Readers, Santeria is NOT Christianity. Jesus tells us that we cannot mix light and dark. Light has no fellowship with darkness. (2 Cor. 6:14-17). Jesus repeatedly tells us in Scripture that He is the only way to God (John 14:6), and that He is the ONLY mediator (I Timothy 2:5). Scripture warns us in multiple passages against becoming involved in the occult and gives us examples of people who give up that life to follow Jesus. (Deut. 18:10-11, Lev. 19:31, Acts 16:16-18, Acts 19:19).

Santeria was the legacy of my family. It kept my Puerto Rican family in bondage for generations. The Lord in His tender lovingkindness looked upon my mother and chose her to be the one to break this generational sin. He did this by instructing her in His ways from her childhood and as a result, her mother (my abuela) came to faith as did I, also in my childhood.

Praise be to The Lord!

Since Santeria is witchcraft, we know that those who practice it are exposed to demonic activity and to possession by demons themselves. I have to wonder if the vicious cycles of drug abuse, domestic violence, molestation, poverty, and lack of education are all due to my family’s involvement with witchcraft. I’m inclined to believe that it’s the cause, because we know that The Lord brings restoration, peace, and comfort to our souls.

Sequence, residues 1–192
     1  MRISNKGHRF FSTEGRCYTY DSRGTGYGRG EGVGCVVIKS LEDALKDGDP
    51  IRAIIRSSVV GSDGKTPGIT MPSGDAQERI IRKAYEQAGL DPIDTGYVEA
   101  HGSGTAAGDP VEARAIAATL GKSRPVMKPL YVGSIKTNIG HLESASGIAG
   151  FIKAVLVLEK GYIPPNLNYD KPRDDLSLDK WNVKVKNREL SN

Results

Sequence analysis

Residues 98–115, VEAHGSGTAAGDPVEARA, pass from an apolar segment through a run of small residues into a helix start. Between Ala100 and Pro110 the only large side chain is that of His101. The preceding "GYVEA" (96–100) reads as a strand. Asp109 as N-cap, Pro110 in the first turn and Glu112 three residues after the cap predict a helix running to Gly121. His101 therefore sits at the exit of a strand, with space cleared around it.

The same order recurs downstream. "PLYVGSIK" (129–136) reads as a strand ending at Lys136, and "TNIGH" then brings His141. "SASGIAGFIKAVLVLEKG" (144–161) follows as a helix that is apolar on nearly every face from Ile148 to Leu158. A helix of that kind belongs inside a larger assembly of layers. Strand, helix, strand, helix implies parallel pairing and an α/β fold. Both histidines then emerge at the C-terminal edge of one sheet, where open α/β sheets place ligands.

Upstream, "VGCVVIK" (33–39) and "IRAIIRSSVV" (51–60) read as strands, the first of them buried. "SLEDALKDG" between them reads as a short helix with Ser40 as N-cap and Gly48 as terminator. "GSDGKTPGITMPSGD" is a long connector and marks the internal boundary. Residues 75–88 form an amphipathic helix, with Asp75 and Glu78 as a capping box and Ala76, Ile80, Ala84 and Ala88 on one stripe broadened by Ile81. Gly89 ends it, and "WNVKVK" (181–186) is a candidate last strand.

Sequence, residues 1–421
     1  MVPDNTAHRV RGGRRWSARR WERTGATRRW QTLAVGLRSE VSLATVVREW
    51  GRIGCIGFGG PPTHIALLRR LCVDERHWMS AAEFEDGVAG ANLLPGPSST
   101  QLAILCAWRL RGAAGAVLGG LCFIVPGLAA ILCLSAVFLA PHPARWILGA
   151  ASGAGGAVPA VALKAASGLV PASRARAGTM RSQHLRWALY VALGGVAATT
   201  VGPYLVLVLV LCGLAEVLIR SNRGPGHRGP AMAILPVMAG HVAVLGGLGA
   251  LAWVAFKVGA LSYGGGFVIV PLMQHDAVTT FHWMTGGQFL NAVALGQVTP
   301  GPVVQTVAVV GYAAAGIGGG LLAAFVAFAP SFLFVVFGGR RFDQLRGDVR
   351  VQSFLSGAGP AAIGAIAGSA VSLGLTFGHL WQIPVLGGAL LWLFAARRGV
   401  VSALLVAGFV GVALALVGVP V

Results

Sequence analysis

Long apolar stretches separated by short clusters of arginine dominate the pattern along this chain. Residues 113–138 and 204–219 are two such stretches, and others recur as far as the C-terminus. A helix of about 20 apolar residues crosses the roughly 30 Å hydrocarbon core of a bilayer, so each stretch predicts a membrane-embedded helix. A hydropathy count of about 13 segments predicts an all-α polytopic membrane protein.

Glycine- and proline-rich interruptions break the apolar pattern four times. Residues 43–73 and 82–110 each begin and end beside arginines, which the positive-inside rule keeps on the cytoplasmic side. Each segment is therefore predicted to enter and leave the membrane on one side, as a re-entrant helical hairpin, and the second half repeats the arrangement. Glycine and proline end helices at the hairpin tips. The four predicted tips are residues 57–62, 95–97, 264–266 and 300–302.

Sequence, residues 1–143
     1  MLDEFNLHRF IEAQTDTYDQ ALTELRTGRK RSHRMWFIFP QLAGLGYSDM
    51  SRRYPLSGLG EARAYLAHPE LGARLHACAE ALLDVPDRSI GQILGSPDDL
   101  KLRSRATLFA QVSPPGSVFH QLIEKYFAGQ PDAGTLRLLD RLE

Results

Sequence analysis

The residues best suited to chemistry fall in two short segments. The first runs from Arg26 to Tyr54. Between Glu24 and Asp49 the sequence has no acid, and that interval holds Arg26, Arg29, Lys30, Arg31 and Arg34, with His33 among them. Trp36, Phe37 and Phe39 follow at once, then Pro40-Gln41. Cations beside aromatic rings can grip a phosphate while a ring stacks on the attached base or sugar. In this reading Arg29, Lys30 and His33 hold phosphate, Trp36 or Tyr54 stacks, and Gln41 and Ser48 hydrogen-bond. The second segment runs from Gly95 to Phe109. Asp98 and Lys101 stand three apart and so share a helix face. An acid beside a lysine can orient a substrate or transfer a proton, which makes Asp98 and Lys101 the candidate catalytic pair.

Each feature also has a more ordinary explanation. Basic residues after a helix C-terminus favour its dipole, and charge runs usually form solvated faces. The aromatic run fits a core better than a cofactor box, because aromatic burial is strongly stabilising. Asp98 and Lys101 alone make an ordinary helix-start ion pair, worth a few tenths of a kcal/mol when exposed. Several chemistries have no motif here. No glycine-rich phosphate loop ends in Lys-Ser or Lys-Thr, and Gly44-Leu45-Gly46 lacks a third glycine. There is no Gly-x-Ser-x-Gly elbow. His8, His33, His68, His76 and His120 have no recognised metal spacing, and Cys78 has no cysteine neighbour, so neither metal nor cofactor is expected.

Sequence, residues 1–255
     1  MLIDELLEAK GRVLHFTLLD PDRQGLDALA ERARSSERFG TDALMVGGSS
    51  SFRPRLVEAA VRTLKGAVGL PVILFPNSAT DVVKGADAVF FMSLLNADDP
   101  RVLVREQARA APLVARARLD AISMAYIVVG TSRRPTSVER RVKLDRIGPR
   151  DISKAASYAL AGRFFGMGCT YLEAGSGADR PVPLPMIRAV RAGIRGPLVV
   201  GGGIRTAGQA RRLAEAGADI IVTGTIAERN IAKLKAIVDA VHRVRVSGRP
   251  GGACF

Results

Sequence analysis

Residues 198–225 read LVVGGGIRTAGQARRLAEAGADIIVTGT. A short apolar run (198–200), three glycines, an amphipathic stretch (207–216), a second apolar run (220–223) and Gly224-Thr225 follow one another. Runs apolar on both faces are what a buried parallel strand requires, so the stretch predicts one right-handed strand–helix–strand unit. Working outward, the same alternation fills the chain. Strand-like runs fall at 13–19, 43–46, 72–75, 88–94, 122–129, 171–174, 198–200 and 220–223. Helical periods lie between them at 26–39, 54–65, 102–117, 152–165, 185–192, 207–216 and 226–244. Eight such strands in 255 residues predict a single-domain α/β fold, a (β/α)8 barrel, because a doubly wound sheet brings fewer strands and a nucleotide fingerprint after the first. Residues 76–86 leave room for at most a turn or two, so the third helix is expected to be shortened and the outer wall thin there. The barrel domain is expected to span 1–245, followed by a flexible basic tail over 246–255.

It’s tough for me to swallow this part of my family’s legacy. I wish it were not so, but then The Lord reminds me that He takes the most unlikely candidate and turns them into one of His fiercest and bravest soldiers. Although my family was bound in the past, the generations to come (should The Lord tarry), will not be bound by any of those generational sins and curses.

Who would have thought that the great-granddaughter of a woman who practiced Santeria would be a strong-minded, discerning, loyal follower of Jesus Christ? I thank God that He is restoring my family’s story through my mother and through my own life as well.

How does one restore their family’s legacy? Simple. Jesus! Give your life to Jesus and He breaks any generational sin and/or curse. He will restore what has been broken through His hand over your life.

 

Rest in His arms,

 

Gabrielle G.